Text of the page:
Stefani Thomas, PhD, Joins LMP
The Department of Laboratory Medicine and Pathology announces the appointment of Stefani Thomas to our faculty as an Assistant Professor, effective July 29th. Thomas will also be the Associate Director of the Masonic Children's Hospital Acute Care Laboratory. She comes to us from the Johns Hopkins University School of Medicine, Department of Pathology, where she was the Daniel W. Chan Fellow in Clinical Chemistry.
A native of Los Angeles, CA, Thomas graduated from Dartmouth College with B.A. in biological sciences and a minor in music. After working for a year as a lab technician, she entered graduate school at the University of Southern California where she pursued research on altered protein-signaling modules in Alzheimer’s disease using mass spectrometry-based proteomics methods. After earning her Ph.D. in pharmaceutical sciences, she worked as the manager of the University of Maryland’s Greenebaum Cancer Center Proteomics Shared Service for four years.
In 2012, Thomas joined Robert Cotter's laboratory in the Department of Pharmacology and Molecular Sciences at Johns Hopkins University as a postdoctoral research fellow and then was a research associate at JHU's Center for Biomarker Discovery and Translation (CBDT) in the Department of Pathology. Motivated by the growing prevalence of mass spectrometry in the clinical laboratory, she applied discovery and targeted proteomics methods to elucidate the biology of ovarian cancer and analyze proteins derived from alterations in cancer genomes and related biological processes. Thomas completed a clinical chemistry postdoctoral fellowship at Johns Hopkins in June 2019.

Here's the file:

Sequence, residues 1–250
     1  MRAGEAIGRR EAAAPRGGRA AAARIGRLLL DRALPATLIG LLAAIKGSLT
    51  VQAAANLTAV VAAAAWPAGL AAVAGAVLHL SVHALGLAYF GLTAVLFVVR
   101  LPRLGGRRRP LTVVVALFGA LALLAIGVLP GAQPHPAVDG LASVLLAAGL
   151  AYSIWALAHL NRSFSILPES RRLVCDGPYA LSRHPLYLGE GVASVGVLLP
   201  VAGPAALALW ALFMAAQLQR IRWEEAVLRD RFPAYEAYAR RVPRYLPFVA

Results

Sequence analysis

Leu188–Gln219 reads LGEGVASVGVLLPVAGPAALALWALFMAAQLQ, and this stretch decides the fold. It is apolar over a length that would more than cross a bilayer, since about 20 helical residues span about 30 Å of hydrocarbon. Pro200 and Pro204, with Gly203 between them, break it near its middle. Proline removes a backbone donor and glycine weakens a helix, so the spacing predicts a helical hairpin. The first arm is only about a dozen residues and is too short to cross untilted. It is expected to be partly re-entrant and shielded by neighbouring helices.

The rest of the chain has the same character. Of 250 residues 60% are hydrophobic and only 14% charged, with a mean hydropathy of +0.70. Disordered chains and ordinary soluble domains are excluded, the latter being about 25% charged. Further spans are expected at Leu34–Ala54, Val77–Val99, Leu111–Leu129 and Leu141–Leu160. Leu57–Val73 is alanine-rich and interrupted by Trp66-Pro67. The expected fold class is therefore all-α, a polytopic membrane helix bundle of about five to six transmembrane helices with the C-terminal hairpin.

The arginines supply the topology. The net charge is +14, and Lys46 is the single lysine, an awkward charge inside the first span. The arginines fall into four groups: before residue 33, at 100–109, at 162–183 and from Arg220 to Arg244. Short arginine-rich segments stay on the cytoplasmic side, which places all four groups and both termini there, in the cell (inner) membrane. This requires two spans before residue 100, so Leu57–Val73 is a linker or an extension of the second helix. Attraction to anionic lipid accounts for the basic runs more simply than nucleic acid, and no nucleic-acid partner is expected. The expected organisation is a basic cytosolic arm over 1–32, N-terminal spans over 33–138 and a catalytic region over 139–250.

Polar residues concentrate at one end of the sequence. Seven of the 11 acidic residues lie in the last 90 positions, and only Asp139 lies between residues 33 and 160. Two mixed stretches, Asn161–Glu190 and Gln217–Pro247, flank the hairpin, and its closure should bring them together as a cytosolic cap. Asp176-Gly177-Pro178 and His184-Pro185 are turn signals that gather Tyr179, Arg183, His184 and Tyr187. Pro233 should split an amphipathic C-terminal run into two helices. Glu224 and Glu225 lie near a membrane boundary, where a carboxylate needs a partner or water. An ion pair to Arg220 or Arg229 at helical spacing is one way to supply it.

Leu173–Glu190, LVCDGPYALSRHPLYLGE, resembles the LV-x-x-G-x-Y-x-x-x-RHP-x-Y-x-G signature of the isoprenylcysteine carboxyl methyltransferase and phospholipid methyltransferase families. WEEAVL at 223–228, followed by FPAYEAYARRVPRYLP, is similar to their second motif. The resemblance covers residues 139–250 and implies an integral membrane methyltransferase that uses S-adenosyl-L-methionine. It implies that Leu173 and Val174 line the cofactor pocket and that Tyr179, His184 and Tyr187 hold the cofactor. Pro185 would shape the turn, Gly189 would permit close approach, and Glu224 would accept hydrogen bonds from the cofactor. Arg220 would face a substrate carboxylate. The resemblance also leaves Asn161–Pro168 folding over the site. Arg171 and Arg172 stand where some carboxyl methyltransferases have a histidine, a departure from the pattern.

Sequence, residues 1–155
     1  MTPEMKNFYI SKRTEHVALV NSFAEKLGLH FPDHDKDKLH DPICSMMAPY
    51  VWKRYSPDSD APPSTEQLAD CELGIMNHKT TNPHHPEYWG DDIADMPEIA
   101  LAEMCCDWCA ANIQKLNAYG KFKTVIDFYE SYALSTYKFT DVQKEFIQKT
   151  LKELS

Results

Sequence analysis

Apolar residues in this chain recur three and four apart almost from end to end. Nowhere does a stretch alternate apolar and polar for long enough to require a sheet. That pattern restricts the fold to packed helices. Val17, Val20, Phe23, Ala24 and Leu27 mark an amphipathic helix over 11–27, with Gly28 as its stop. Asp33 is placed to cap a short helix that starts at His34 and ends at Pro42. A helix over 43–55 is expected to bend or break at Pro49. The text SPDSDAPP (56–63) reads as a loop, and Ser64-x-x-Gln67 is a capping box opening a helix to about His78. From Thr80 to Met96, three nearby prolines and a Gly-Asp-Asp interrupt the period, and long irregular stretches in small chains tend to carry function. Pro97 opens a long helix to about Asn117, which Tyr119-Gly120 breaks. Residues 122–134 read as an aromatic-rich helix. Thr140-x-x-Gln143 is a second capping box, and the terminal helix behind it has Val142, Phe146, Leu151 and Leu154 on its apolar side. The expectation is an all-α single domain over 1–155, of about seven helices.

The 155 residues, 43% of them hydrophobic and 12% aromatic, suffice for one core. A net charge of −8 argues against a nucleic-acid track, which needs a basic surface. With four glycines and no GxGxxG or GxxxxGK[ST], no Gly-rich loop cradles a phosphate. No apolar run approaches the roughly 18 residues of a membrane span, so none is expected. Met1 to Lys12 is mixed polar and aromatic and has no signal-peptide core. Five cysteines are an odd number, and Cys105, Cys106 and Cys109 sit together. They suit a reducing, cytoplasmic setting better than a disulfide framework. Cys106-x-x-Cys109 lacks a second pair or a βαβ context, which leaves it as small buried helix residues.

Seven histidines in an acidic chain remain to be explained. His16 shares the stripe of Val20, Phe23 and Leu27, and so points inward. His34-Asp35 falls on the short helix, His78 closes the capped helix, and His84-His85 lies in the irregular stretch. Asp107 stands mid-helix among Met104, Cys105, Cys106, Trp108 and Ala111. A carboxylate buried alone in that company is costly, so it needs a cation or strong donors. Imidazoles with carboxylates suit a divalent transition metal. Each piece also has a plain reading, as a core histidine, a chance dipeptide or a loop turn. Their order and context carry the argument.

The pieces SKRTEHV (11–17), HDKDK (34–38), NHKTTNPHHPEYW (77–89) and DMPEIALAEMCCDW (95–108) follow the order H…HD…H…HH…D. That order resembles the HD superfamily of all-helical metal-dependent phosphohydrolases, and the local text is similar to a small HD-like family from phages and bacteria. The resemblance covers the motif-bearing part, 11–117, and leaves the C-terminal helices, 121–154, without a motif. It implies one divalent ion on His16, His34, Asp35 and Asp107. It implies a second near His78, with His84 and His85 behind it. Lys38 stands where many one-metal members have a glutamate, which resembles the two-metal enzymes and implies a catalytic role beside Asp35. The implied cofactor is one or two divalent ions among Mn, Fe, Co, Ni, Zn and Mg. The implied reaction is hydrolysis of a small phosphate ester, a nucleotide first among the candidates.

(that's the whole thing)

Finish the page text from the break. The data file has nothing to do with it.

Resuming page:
Regarding her interest in clinical chemistry, in a Hopkins Pathology Blog posting last year Thomas stated, “I am excited to synthesize my analytical chemistry skills, detail-oriented nature, enthusiasm for standards compliance, interest in process control, and penchant for clinical research.”
Thomas SN, Chen L, Liu Y, Höti N, and Zhang H. (2017) Targeted proteomic analyses of Histone H4 acetylation changes associated with homologous recombination deficient high-grade serous ovarian carcinomas. Journal of Proteome Research. 16:3704-3710.
Thomas SN*, Friedrich B*, Aebersold R, and Zhang H. Conservation of high-grade serous ovarian cancer biological signatures across proteomic platforms. Submitted. (*Co-1st authors)